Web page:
• Contact your doctor if you experience blurred vision or other visual disturbances.

If you are not sure if any of the above applies to you, talk to your doctor or pharmacist before taking this medicine.

Check with your doctor first:

  • If you have ever had severe depression or manic-depression (bipolar disorder). This includes having had depression before while taking steroid medicines like Fludrocortisone Acetate tablets.
  • If any of your close family has had these illnesses.

If either of these applies to you, talk to a doctor before taking Fludrocortisone Acetate tablets.

Steroid medicines suppress your body’s natural immune response. Therefore, if you come into contact with anyone who has an infectious disease such as chickenpox, shingles or measles, consult your doctor as soon as possible.

Your doctor may want to send you for blood tests from time to time and check your salt intake regularly to make sure you do not develop high blood pressure, fluid retention or become overweight.

Other medicines and Fludrocortisone Acetate

Tell your doctor or pharmacist if you are taking or have recently taken any other medicines, including medicines obtained without a prescription. This is especially important if you are taking or being treated for:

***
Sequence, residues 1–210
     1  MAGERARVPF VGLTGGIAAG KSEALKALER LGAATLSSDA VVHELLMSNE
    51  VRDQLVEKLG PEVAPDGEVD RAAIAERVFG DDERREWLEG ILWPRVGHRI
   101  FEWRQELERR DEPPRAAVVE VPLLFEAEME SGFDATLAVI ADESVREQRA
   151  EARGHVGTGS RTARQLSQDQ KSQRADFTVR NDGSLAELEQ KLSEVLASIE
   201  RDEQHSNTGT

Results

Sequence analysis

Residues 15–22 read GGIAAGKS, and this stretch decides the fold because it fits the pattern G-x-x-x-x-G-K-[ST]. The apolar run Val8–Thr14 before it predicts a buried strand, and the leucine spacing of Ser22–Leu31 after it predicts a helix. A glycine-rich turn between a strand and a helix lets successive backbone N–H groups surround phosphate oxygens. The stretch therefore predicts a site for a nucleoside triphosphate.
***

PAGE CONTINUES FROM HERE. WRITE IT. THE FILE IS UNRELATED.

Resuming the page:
• Aspirin, ibuprofen or other non-steroidal anti-inflammatory drugs (NSAIDs) as corticosteroids can increase the chance of bleeding from the gut.
  • Any antifungals (e.g. ketoconazole, amphotericin)
  • Warfarin or other medicines to thin the blood
  • Oral contraceptive pill or hormone replacement therapy (HRT)
  • Human growth hormone
  • Muscle relaxants e.g. atracurium. These drugs are used during anaesthesia for surgery. Please inform your anaesthetist if you’re on Fludrocortisone Acetate.
  • A medicine called cyclosporin
  • Barbiturates. These drugs are used as sedatives (to produce a calming effect), as hypnotics (to produce sleep), or as an adjunct in anesthesia.
  • Some medicines may increase the effects of Fludrocortisone Acetate and your doctor may wish to monitor you carefully if you are taking these medicines (including some medicines for HIV: ritonavir, cobicistat)
  • High blood pressure (e.g. sodium phenylbutyrate, clonidine, methyldopa, ACE inhibitors, α and ß-blockers, angiotensin II receptor antagonists, calcium-channel blockers and diuretics)
  • Irregular heartbeat (e.g. digoxin)
  • Epilepsy or other sorts of fits (e.g. phenytoin, primidone, carbamazepine)
  • Tuberculosis (TB) (e.g. isoniazid, rifampicin, rifabutin)
  • Diabetes
  • Thyroid problems
  • Anti-progestogenic steroids (e.g. mifepristone)
  • Cushing's syndrome (e.g. aminoglutethimide)
  • Glaucoma (e.g. acetazolamide)
  • Intestinal pain (e.g. hyoscine)
  • Asthma and Chronic Obstructive Pulmonary Disease (e.g. tiotropium)
  • Urinary retention (e.g. doxazosin)
  • Alzheimer's dementia (e.g. donepezil, galantamine)
  • Myasthenia Gravis (e.g. neostigmine)

While you are being treated with this medicine (or if you have recently stopped a course of treatment) do not have any vaccination without consulting your doctor.